Example C
A rational function \begin{align*}r(x)\end{align*} is shown in the figure below. Use the graph of \begin{align*}r(x)\end{align*} to sketch graphs of:
 a) \begin{align*}r(x)3\end{align*}
 b) \begin{align*}r(x)\end{align*}
 c) \begin{align*}r(3x)\end{align*}
Solution:
 a) The horizontal asymptote moves down by three units
 b) The function is reflected about the \begin{align*}x\end{align*}axis so the horizontal asymptote is also reflected:
 c) \begin{align*}r(3x)=r((x3))\end{align*}. First graph \begin{align*}r(x)\end{align*}, and then shift that graph three units to the right to get \begin{align*}r((x3))\end{align*}. The new vertical asymptote is \begin{align*}x=1\end{align*}.
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Guided Practice
For each of the rational functions below, determine the domain, the asymptotes, the \begin{align*}x\end{align*} and \begin{align*}y\end{align*}intercepts and then sketch the graph.
1) \begin{align*}f(x)=\frac{2x+5}{x1}\end{align*}
2) \begin{align*}f(x)=\frac{x+2}{x^{2}+1}\end{align*}
3) \begin{align*}f(x)=\frac{9x^{2}4}{3x+2}\end{align*}
Answers
1) To find the domain limitations, identify the value(s) which make the denominator = 0: \begin{align*}x\ne 1\end{align*}
 That gives us a vertical asymptote of \begin{align*}x=1\end{align*}
 The horizontal asymptote becomes apparent as x becomes truly huge and the "+5" and "1" no longer matter. At that point, we have \begin{align*}f(x) = \frac{2x}{x} \to f(x) = 2\end{align*} So the horizontal asymptote is \begin{align*}y=2\end{align*}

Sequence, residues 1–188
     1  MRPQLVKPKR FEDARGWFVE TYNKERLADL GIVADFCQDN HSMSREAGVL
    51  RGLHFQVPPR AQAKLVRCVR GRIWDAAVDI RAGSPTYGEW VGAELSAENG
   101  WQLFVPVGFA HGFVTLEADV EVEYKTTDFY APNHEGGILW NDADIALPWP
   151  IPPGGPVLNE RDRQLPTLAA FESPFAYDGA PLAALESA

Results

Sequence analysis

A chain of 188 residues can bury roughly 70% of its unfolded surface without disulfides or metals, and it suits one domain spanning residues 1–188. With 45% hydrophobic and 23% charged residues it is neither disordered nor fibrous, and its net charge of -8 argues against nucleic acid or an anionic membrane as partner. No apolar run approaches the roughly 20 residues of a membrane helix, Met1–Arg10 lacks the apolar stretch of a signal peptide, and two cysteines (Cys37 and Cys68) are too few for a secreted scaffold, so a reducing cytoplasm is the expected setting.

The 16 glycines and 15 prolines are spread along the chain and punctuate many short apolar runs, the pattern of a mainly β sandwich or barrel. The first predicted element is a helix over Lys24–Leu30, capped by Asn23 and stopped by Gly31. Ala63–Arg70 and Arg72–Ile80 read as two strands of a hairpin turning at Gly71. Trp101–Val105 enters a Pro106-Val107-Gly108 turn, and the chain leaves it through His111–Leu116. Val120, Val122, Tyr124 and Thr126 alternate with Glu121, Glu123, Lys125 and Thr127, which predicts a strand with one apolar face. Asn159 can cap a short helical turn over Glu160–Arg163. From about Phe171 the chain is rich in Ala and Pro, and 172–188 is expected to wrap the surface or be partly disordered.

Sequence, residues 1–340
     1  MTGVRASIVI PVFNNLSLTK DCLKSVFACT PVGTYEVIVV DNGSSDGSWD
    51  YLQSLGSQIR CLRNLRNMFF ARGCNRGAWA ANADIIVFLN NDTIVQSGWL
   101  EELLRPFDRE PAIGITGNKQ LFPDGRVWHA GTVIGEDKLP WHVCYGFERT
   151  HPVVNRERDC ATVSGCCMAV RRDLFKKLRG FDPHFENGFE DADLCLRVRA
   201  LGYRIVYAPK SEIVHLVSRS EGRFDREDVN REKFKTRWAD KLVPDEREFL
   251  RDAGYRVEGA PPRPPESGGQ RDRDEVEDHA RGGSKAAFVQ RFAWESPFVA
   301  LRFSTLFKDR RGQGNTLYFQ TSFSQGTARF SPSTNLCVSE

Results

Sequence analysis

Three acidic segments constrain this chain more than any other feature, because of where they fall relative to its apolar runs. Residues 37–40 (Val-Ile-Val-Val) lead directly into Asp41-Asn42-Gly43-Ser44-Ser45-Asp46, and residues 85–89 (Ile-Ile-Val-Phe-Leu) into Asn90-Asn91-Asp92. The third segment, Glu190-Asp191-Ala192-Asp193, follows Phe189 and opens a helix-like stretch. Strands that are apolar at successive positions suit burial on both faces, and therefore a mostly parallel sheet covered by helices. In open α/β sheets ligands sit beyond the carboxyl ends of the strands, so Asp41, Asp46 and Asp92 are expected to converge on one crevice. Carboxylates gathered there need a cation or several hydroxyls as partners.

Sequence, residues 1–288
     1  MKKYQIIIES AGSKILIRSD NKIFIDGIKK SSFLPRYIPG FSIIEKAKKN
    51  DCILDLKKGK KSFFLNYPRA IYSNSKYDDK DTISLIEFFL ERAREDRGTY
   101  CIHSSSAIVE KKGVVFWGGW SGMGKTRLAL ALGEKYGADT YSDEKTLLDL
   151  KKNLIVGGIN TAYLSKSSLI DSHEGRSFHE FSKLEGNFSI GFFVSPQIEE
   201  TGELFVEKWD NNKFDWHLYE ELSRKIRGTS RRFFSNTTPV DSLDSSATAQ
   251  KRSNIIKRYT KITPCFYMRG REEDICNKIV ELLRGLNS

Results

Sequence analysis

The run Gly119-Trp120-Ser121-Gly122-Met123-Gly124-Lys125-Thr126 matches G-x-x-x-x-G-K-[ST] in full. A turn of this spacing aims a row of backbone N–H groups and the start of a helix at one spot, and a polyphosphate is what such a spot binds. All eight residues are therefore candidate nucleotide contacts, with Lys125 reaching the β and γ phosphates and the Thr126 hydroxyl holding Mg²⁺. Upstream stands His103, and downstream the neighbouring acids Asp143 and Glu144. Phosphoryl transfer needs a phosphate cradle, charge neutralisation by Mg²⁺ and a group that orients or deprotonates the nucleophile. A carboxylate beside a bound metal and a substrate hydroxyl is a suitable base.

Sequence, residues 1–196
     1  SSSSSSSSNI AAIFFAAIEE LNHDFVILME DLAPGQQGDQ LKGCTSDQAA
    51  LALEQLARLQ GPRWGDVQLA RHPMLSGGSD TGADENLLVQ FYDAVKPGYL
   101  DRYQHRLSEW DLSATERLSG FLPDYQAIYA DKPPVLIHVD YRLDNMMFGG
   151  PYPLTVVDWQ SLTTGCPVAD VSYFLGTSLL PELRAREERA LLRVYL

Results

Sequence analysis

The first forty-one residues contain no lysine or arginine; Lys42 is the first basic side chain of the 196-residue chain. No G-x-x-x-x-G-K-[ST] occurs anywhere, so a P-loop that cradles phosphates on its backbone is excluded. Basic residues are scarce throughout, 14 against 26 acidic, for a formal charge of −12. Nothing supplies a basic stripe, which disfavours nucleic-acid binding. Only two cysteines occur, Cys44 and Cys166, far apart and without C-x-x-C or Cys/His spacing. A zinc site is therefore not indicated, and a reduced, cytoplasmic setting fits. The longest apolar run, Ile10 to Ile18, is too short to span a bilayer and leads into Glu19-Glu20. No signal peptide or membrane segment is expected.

2) To identify domain limitations, find value(s) which make the denominator = 0: In this case, where \begin{align*}x^2\end{align*}, the only variable in the denominator, is added to 0, any value for x will be positive. So the domain is all real numbers.
 With no limitations on the domain, there are no vertical asymptotes.
 The horizontal asymptote: \begin{align*}y=0\end{align*} becomes apparent as x becomes huge and the "+2" and "+1" no longer have an effect, giving: \begin{align*}f(x) = \frac{x}{x^2} \to f(x) = \frac{1}{x} \to f(x) = 0\end{align*} So the horizontal asymptote is 0
3) For this problem, the first step is to recognize the difference of squares in the numerator: \begin{align*}9x^2  4\end{align*} which factors easily into \begin{align*}(3x  2)(3x + 2)\end{align*}

This gives: \begin{align*}f(x) = \frac{(3x  2)(3x + 2)}{(3x + 2)}\end{align*}
 NOTE: Although we can cancel the (3x + 2) to evaluate the general behavior of the function, giving: \begin{align*}f(x) = 3x + 2\end{align*} (which is just a line), that does not change the fact that a zero in the denominator of the equation is undefined, it just means that the rest of the function behaves like \begin{align*}y = 3x  2\end{align*}.
 To identify domain limitations, find value(s) which make the denominator = 0: In this case: \begin{align*}3x + 2 = 0 \to 3x = 2 \to x = \frac{2}{3}\end{align*} which means the domain cannot include a value of 2/3 for x: \begin{align*}x\ne\frac{2}{3}\end{align*}
 Since the equation behaves as a line with a single nonexistant value, there is no vertical asymptote.
 As x gets huge, we end up with \begin{align*}f(x) = \frac{9x^2}{3x} \to f(x) = 3x\end{align*} which is a slant asymptote that parallels the line of the function!
Explore More
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 How are polynomial graphs different from rational function graphs?